~ Helping a Grieving Child or Teen~
information in this section is provided for educational purposes and cannot
substitute for a professional evaluation by a physician or mental health
practitioner. If you have any concerns or specific questions about your
child's behavior contact your child's physician.
Children and adolescents are not immune to facing
loss, death, dying and grief; they encounter loss and will experience a
grief response. Much as we might want to protect and shelter children and
try to reate a world for them in which no one ever dies, losses do not
occur and they never have to experience grief, we cannot. We are unable
to shelter our children from these realities of daily living--loss and
While we often discuss how we grieve as adults,
rarely do we consider the losses that children and adolescents must face and the unique ways they
respond. Whether they are grieving the death of a parent or grandparent,
or are coping with other losses that are unavoidable in life, children
and adolescents often do not know how to cope.
Children's losses are often invalidated with many
believing that they are too young to feel the loss or a grief response.
While the way children respond varies significantly depending on their
age, even infants can "sense" when something is amiss.
A child's first experience with death is often
the death of a pet. Children also can encounter the death of grandparents,
parents, siblings, teachers, friends and schoolmates. Even without experiencing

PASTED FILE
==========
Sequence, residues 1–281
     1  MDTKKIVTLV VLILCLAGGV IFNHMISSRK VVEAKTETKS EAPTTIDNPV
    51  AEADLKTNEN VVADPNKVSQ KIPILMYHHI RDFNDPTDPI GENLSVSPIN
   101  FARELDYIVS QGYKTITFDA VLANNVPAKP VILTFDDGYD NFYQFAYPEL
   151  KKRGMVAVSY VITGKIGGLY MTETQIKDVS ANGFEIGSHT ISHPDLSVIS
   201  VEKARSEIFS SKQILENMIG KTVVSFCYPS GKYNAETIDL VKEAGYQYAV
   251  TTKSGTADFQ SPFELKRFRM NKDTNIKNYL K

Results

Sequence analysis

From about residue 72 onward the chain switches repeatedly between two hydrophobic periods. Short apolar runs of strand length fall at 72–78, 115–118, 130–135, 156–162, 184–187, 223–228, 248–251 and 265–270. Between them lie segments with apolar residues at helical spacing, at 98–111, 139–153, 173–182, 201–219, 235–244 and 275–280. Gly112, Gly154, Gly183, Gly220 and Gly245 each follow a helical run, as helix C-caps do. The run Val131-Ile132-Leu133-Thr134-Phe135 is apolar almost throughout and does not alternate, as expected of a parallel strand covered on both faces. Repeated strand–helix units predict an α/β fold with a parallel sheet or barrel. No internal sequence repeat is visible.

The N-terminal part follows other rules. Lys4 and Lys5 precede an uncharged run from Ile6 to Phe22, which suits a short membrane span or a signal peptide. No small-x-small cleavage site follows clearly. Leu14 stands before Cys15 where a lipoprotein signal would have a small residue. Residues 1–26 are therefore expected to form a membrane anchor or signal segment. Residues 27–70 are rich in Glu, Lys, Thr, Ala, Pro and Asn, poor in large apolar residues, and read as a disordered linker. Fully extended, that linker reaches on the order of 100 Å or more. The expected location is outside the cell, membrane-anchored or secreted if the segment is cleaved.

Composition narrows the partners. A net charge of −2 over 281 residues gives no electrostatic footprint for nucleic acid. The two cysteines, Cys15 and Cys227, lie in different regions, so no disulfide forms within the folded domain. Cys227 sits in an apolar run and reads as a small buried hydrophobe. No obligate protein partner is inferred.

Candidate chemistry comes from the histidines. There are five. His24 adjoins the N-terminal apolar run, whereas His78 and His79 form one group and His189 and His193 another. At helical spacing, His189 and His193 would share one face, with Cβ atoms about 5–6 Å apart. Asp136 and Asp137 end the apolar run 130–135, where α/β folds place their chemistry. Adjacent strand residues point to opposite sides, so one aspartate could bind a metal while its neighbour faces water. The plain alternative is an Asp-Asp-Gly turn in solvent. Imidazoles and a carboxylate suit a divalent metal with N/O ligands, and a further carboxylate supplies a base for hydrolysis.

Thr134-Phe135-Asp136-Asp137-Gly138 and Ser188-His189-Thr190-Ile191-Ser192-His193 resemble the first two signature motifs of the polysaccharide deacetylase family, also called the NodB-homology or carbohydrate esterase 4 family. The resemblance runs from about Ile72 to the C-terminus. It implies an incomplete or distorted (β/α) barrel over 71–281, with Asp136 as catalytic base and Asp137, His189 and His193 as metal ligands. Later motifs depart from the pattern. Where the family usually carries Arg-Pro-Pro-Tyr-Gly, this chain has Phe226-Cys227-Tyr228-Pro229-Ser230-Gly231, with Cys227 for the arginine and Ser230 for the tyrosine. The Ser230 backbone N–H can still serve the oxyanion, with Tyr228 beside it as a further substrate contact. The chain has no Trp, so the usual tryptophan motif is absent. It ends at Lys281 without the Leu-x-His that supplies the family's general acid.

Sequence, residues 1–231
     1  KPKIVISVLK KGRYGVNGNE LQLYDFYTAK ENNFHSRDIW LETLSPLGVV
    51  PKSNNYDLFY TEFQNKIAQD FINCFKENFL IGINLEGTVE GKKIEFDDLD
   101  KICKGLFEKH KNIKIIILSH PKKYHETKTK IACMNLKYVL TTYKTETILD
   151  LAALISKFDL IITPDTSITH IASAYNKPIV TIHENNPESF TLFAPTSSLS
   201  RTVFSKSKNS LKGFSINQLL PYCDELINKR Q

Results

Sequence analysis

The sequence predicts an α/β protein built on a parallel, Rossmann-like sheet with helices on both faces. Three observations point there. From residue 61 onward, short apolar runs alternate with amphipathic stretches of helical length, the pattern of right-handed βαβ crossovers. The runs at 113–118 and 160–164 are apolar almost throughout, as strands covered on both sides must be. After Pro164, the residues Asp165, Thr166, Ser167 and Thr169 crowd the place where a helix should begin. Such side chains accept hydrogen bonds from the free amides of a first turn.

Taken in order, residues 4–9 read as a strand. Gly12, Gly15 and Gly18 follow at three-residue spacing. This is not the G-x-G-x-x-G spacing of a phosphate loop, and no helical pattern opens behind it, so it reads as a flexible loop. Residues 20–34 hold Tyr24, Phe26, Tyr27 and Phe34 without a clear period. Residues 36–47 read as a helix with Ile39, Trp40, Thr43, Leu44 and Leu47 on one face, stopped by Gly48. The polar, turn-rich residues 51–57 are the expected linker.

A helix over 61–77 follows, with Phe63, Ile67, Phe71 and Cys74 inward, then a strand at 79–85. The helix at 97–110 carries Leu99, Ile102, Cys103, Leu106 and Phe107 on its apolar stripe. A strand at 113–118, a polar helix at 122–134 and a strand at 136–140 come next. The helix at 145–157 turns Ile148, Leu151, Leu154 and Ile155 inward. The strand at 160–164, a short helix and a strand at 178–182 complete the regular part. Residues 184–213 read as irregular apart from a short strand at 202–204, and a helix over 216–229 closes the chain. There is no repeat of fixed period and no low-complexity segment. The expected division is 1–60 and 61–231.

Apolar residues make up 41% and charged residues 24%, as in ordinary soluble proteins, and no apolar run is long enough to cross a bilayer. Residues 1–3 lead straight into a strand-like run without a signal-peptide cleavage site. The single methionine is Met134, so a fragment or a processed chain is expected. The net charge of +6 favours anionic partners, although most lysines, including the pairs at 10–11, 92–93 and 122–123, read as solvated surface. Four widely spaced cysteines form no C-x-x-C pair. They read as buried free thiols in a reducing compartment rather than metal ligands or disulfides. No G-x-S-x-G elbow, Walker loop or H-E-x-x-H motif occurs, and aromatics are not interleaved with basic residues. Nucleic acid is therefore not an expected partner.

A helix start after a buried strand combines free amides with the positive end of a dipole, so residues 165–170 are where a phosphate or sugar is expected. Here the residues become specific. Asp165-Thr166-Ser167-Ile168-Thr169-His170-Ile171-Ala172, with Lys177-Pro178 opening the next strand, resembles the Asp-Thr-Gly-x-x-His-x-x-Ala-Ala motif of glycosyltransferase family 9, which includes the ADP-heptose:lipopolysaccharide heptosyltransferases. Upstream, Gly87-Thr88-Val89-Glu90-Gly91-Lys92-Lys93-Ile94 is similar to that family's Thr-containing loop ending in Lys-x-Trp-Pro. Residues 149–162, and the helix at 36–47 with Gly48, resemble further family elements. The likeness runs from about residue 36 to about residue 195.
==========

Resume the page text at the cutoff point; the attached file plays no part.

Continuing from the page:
death firsthand, children and adolescents are exposed to loss, dying, death
and grief merely by living--whether it is listening to music, playing games,
or watching television or movies.
Children may face other losses through divorce,
relocation or even with growing-up. As children age they must adapt to
many different losses including the loss of childhood, loss of friendships,
loss of identity, loss of roles, loss of self-esteem. Unfortunately, with
the emphasis on growing up so soon now, children often face a loss of innocence.
It is pointless to focus on trying to protect
them. Rather those who deal with children should focus on preparing, understanding
and supporting children and adolescents to cope with loss. Children and
adolesents are helped when the adults around them recognize that they grieve
and support them as they mourn.
We have complied a variety of information and
links to additional resources for those who are interested in helping the
Doka KJ, ed. Living with Grief:
Children, Adolescents, and Loss. Washington D.C.: Hospice Foundation of
American Academy of Child and Adolescent
Psychiatry. Fast Fact # 8. Children and Grief. Updated November 1998. Available
National Mental Health Association.
Helping Children Cope With Loss. 2001. Available at: http://www.nmha.org/reassurance/childcoping.cfm.
Bless the beasts and
For this world can never
be the world they see...
Light their way when the
darkness surrounds them
Give them love,
let it shine all around them.